- Put all your eggs in a donation basket. You could take all the money you were going to spend on your Earth Day event and give it to an environmental cause. If you go this route, crowd source it – ask your employees to vote for the organization who should receive the money, then create lots of follow-up. In other words, get emails out to your organization about which organization “won” the vote, send “thank you” videos from that organization out to your team, and create a webinar from the organization walking through their work and the impact it makes in the world, etc. That way, you’ll still have some level of engagement and you can put a spotlight on this effort for several weeks.
- Postpone. We’re seeing several organizations hang on to their plans for Earth Day and simply move them to the summer. You could do this and anchor your event on a day that makes sense for your sustainability focus or category. For instance, if you’re focused on circular plastics or stopping the flow of plastics to the ocean, you could move your Earth Day event to World Ocean Day on June 8 (hopefully we’ll all be out of our shelter-in-place mandates by then); if your company is energy or built environment-related, you might push to Energy Efficiency Day, which is the first Wednesday in October.
Bottom line: don’t cancel. Once we come back from COVID it’s critical that we come back in a way that better contains our impact on the earth. You and your organization have a once-in-a-lifetime opportunity to lead the way, and you should start putting a spotlight on your commitment and efforts now.
Investment firms are leaning into impact lending and many small businesses are benefitting from the shift. Businesses need help sustaining in the middle of a crisis so communities can continue benefitting from their economic impact once the crisis has abated. Margaret Trilli, president and CIO at ImpactAssets says, “One of the cornerstones of impact investing is lending to underserved communities … — it’s something we’ve always done … While most investors might look at small business lending and see higher risks, our investors are seeing higher impact,” she continues. “You can [actually reduce risk by providing capital for a company to weather a storm.” Read the article.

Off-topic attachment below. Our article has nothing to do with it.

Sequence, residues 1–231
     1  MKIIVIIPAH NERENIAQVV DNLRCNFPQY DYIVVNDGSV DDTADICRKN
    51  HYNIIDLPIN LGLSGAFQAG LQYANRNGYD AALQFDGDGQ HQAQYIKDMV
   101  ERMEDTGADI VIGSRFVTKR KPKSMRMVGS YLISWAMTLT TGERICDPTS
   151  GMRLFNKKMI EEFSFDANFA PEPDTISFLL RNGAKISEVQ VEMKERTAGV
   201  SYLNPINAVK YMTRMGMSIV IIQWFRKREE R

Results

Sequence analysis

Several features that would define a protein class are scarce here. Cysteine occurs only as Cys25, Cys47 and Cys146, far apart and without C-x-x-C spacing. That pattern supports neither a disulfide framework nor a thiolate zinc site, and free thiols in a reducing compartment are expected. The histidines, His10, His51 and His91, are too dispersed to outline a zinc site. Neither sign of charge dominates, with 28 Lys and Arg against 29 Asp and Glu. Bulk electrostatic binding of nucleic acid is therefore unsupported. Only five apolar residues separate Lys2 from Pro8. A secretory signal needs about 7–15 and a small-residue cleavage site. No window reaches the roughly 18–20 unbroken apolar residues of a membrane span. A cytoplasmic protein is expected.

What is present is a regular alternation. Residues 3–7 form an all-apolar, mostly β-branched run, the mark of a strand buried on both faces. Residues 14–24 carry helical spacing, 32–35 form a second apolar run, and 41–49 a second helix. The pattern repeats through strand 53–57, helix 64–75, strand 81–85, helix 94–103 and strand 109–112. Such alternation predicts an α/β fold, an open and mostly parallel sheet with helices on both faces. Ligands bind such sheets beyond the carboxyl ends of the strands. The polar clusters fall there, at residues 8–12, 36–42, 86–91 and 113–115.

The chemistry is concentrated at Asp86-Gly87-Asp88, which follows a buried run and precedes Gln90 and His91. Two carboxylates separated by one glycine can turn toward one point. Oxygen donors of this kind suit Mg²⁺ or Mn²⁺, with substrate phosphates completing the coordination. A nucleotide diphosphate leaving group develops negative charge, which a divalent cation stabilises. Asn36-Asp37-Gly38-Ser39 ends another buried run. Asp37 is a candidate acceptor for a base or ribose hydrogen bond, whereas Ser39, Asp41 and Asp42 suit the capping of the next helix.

Even though the 50th anniversary of Earth Day is going to be celebrated virtually this year, the commitment to maintaining ongoing conservation efforts have not waned at Loggerhead Marinelife Center. The center “has been doing diver clean-ups since 2015 and collected almost 23,000 pounds to date. And the organization works with partners in a first-of-its kind Responsible Pier Initiative, removing debris, one turtle at a time. This is just one of the center’s many initiatives that are in full swing despite the pandemic. Non-essential businesses may be temporarily closing, but conservation needs remain urgent and efforts remain active. Read the article.
Gen Z is Surprising Us Again
Our new report reveals a twist in the road to EV adoption
In our latest Energy Pulse™ study, 13% of Americans reported that they’re interested in buying an electric vehicle – up from 8% in 2018. But even as interest rises, charging stations proliferate and battery capacity grows, the barriers to buying EVs persist.
One generation, though, isn’t thinking so much about the barriers. Gen Z is already thinking about what comes after EVs as we know them today.